In yet another embodiment, an anti-CD30 antibody of the present invention may be conjugated to a “receptor” (such streptavidin) for utilization in tumor pretargeting wherein the anti-CD30 antibody-receptor conjugate is administered to the patient, followed by removal of unbound conjugate from the circulation using a clearing agent and then administration of a “ligand” (e.g. avidin) which is conjugated to a cytotoxic agent (e.g. a radionucleotide). In an alternate embodiment, the anti-CD30 antibody is conjugated or operably linked to an enzyme in order to employ Antibody Dependent Enzyme Mediated Prodrug Therapy (ADEPT). ADEPT may be used by conjugating or operably linking the anti-CD30 antibody to a prodrug-activating enzyme that converts a prodrug (e.g. a peptidyl chemotherapeutic agent, see PCT WO 81/01145, entirely incorporated by reference) to an active anti-cancer drug. See, for example, PCT WO 88/07378 and U.S. Pat. No. 4,975,278, both entirely incorporated by reference. The enzyme component of the immunoconjugate useful for ADEPT includes any enzyme capable of acting on a prodrug in such a way so as to covert it into its more active, cytotoxic form. Enzymes that are useful in the method of this invention include but are not limited to alkaline phosphatase useful for converting phosphate-containing prodrugs into free drugs; arylsulfatase useful for converting sulfate-containing prodrugs into free drugs; cytosine deaminase useful for converting non-toxic 5-fluorocytosine into the anti-cancer drug, 5-fluorouracil; proteases, such as serratia protease, thermolysin, subtilisin, carboxypeptidases and cathepsins (such as cathepsins B and L), that are useful for converting peptide-containing prodrugs into free drugs; D-alanylcarboxypeptidases, useful for converting prodrugs that contain D-amino acid substituents; carbohydrate-cleaving enzymes such as .beta.-galactosidase and neuramimidase useful for converting glycosylated prodrugs into free drugs; beta-lactamase useful for converting drugs derivatized with .alpha.-lactams into free drugs; and penicillin amidases, such as penicillin V amidase or penicillin G amidase, useful for converting drugs derivatized at their amine nitrogens with phenoxyacetyl or phenylacetyl groups, respectively, into free drugs. Alternatively, antibodies with enzymatic activity, also known in the art as “abzymes”, can be used to convert the prodrugs of the invention into free active drugs (see, for example, Massey, 1987, Nature 328: 457-458, entirely incorporated by reference). Anti-CD30 antibody-abzyme conjugates can be prepared for delivery of the abzyme to a tumor cell population. A variety of additional conjugates are contemplated for the anti-CD30 antibodies of the present invention. A variety of chemotherapeutic agents, anti -angiogenic agents, tyrosine kinase inhibitors, and other therapeutic agents are described below, which may find use as anti-CD30 antibody conjugates.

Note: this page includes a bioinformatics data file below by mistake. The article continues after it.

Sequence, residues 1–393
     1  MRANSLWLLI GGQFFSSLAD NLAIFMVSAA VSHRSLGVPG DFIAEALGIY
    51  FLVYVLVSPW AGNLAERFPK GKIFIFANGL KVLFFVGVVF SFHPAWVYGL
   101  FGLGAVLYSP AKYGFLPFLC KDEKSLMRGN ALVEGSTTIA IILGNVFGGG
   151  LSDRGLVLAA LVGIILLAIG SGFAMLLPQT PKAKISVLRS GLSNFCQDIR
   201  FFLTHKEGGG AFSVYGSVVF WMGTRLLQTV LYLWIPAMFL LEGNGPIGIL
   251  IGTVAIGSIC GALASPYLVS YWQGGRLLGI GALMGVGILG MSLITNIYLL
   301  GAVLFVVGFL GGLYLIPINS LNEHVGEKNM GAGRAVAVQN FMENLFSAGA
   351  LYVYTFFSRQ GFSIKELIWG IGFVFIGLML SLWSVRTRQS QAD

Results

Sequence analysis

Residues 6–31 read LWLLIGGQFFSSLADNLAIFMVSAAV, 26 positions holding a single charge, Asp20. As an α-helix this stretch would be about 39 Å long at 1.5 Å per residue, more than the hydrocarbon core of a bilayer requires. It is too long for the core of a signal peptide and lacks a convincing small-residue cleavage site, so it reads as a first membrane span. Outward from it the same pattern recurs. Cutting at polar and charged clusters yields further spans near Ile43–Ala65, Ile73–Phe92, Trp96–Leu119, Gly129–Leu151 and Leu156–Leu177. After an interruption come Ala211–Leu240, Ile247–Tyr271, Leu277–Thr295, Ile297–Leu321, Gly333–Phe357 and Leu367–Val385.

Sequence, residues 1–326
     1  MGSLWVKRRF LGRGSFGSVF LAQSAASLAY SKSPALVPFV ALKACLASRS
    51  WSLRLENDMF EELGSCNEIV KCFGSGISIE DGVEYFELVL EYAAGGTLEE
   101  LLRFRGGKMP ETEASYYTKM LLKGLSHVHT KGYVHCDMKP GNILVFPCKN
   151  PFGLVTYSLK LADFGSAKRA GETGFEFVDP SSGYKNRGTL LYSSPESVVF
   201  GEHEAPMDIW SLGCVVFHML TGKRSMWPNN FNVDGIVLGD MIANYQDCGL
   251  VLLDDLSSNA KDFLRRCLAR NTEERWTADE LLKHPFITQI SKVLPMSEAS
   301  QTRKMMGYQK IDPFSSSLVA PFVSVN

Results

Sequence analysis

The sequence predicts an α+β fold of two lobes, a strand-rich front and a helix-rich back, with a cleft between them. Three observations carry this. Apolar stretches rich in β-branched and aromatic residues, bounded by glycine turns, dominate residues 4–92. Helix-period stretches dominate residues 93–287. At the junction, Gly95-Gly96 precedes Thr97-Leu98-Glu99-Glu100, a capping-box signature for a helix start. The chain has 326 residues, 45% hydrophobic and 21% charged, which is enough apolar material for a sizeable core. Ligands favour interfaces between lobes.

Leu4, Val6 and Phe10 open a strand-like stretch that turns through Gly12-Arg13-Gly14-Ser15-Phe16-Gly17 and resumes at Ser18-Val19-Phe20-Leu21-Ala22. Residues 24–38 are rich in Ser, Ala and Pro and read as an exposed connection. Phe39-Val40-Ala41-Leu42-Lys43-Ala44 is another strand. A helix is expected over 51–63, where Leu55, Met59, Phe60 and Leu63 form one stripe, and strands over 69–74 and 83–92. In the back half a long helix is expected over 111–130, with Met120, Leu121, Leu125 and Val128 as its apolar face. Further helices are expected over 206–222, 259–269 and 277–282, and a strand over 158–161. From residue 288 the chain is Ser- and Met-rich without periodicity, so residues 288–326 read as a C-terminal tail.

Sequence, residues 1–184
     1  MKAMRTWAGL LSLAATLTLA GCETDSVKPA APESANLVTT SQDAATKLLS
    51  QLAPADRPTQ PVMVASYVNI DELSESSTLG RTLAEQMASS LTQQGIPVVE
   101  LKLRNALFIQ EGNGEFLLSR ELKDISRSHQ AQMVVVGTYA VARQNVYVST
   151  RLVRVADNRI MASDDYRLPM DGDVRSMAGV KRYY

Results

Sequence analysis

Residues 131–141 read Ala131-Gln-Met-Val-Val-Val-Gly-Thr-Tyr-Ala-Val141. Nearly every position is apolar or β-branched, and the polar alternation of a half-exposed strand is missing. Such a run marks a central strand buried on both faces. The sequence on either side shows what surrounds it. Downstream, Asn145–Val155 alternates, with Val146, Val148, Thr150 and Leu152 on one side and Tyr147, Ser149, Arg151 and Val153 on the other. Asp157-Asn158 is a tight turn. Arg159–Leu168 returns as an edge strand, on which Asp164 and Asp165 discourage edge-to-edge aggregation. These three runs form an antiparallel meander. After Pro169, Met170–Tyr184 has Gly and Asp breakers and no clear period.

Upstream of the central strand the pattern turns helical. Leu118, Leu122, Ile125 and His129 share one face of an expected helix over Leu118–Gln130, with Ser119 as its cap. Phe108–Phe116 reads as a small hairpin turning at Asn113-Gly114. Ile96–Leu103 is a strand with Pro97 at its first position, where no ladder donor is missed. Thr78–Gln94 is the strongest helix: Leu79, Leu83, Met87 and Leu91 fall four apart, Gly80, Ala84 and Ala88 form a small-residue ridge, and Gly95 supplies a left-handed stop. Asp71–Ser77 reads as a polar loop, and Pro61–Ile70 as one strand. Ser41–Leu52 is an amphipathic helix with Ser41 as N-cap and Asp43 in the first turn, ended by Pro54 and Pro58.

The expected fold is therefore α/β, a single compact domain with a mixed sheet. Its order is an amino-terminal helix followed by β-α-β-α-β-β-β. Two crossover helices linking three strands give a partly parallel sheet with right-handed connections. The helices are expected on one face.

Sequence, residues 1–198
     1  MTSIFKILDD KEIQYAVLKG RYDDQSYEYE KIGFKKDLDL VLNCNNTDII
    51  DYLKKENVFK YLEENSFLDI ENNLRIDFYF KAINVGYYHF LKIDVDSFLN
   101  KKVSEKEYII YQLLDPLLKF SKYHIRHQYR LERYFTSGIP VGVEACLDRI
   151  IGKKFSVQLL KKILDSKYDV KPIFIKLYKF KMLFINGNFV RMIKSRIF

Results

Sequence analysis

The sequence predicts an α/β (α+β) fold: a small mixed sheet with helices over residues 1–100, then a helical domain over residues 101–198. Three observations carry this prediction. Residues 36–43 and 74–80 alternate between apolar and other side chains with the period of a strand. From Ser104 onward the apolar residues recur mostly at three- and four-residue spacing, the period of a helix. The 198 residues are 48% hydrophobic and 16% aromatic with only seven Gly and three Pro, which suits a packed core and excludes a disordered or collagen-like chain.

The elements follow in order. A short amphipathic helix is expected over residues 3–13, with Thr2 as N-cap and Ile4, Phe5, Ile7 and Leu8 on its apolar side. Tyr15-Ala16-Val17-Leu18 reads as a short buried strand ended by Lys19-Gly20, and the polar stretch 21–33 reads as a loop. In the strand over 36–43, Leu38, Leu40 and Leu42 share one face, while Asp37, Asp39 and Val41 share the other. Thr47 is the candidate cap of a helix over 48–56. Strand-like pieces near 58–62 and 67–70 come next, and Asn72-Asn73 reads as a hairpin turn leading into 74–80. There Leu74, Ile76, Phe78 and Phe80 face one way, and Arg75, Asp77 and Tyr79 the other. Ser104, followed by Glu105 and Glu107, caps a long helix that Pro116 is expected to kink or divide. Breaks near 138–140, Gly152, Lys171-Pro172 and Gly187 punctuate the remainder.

Also contemplated as fusion and conjugate partners are Fc polypeptides. Thus an anti-CD30 antibody may be a multimeric Fc polypeptide, comprising two or more Fc regions. The advantage of such a molecule is that it provides multiple binding sites for Fc receptors with a single protein molecule. In one embodiment, Fc regions may be linked using a chemical engineering approach. For example, Fab's and Fc's may be linked by thioether bonds originating at cysteine residues in the hinges, generating molecules such as FabFc2 (Kan et al., 2001, J. Immunol., 2001, 166: 1320-1326; Stevenson et al., 2002, Recent Results Cancer Res. 159: 104-12; U.S. Pat. No. 5,681,566, each of which is incorporated by reference in its entirety). Fc regions may be linked using disulfide engineering and/or chemical cross-linking, for example as described in Caron et al., 1992, J. Exp. Med. 176:1191-1195, and Shopes, 1992, J. Immunol. 148(9):2918-22. In a preferred embodiment, Fc regions may be linked genetically. For example multiple Cγ2 domains have been fused between the Fab and Fc regions of an antibody (White et al., 2001, Protein Expression and Purification 21: 446-455, entirely incorporated by reference). In a preferred embodiment, Fc regions in an anti-CD30 antibody are linked genetically to generated tandemly linked Fc regions as described in U.S. Ser. No. 60/531,752, filed Dec. 22, 2003, entitled “Fc polypeptides with novel Fc receptor binding sites,” entirely incorporated by reference. Tandemly linked Fc polypeptides may comprise two or more Fc regions, preferably one to three, most preferably two Fc regions. It may be advantageous to explore a number of engineering constructs in order to obtain homo- or hetero-tandemly linked anti-CD30 antibodies with the most favorable structural and functional properties. Tandemly linked anti-CD30 antibodies may be homo-tandemly linked anti-CD30 antibodies, that is an anti-CD30 antibody of one isotype is fused genetically to another anti-CD30 antibody of the same isotype. It is anticipated that because there are multiple FcγR, C1q, and/or FcRn binding sites on tandemly linked Fc polypeptides, effector functions and/or pharmacokinetics may be enhanced. In an alternate embodiment, anti-CD30 antibodies from different isotypes may be tandemly linked, referred to as hetero-tandemly linked anti-CD30 antibodies. For example, because of the capacity to target FcγR and FcαRI receptors, an anti-CD30 antibody that binds both FcγRs and FcαRI may provide a significant clinical improvement.